COULD sea algae be the secret to a healthy diet?
Scientists in a Bendigo laboratory are asking that very question after harvesting algae from beaches in Australia and Malaysia.
La Trobe University adjunct professor Snezana Agatonovic-Kustrin is among researchers are taking a closer look at Australia's algae to see if it could be used for anti-diabetic drugs.
"Marine algae, as the most ancient members of the plant kingdom, are well known sources of bioactive compounds, with a range of different biological activities," she said.
"The results of our studies indicate beneficial roles of green and brown algae for diabetes prevention and management."
Researchers have looked at 31 species of algae so far for the project.
They are also studying native plants that people could add to their dishes.
Most are found on land and might be just as healthy as Mediterranean herbs like sage, oregano, thyme, lavender, and rosemary.
"We have (previously) shown that the Mediterranean culinary herbs are the secret ingredient not only to a healthy heart, but are also beneficial to the brain," Dr Agatonovic-Kustrin said.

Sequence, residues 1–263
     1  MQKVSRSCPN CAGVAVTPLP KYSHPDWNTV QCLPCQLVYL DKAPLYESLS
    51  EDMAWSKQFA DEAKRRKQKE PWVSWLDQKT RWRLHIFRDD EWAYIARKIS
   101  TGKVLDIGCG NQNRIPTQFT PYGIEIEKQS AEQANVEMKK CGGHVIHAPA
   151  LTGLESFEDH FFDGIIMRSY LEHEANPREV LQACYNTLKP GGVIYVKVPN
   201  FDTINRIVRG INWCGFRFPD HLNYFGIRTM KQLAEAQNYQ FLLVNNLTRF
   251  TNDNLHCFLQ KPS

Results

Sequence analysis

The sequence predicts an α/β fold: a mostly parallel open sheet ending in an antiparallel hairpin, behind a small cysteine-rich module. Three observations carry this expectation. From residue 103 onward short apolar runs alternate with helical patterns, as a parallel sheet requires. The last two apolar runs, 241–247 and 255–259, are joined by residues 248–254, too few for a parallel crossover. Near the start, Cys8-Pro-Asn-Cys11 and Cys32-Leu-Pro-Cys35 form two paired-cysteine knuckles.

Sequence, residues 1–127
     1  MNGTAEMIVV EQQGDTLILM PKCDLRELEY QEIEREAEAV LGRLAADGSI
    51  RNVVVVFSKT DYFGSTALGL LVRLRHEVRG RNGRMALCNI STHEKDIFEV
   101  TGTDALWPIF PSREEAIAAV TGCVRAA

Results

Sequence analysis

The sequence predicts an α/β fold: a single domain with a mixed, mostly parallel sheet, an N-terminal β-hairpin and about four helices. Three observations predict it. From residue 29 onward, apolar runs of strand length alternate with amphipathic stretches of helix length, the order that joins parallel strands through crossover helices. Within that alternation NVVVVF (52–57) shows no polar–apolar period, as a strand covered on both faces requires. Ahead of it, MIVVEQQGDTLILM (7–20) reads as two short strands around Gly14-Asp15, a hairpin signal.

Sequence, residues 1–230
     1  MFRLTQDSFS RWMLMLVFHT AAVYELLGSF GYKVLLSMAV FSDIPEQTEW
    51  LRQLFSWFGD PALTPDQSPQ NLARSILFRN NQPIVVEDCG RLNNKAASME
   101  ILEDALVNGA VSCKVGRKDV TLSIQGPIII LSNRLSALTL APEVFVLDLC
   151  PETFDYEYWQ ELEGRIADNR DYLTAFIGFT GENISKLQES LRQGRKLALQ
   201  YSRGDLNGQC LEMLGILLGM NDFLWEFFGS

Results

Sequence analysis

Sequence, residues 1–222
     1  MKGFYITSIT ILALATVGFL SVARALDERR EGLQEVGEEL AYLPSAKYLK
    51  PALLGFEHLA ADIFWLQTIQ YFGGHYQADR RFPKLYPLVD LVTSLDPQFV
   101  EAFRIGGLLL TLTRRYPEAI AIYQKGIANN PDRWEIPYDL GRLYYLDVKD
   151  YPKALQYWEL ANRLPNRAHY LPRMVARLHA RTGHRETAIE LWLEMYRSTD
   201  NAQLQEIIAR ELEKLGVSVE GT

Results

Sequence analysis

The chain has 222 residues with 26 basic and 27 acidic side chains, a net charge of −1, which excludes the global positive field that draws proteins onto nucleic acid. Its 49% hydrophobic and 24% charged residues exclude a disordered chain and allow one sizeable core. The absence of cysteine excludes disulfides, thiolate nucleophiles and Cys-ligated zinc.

"Several studies have shown that a higher adherence to a Mediterranean diet reduces the risk of Alzheimer's Disease."
Dr Agatonovic-Kustrin said researchers had focused much of their attention on Australian plants that could substitute for ingredients already found in most kitchens.
"For example, native thyme may be used as a replacement for European thyme," she said.
Academics from several institutions have recently published research on Australian plants including lemon myrtle, native thyme, saltbush, and seablite.
"The strongest antioxidant activity was observed in lemon myrtle extract while the lower antioxidant activities was measured in sea blite," Dr Agatonovic-Kustrin said.
Many native plants have been used by Indigenous Australians for thousands of years but scientists do not have enough information on their therapeutic properties yet, she said.
Discovering if these plants have enough antioxidants and enzymes to prevent age-related diseases is increasingly important, Dr Agatonovic-Kustrin said.
"People are living for longer are more likely to get diabetes and Alzeihmers disease," she said.
"People with diabetes have an increased risk of developing dementia. Diabetes can double your risk of dementia."
Both diseases are linked with the way people's bodies process glucose as they age, or because of lifestyle, recent research suggests.
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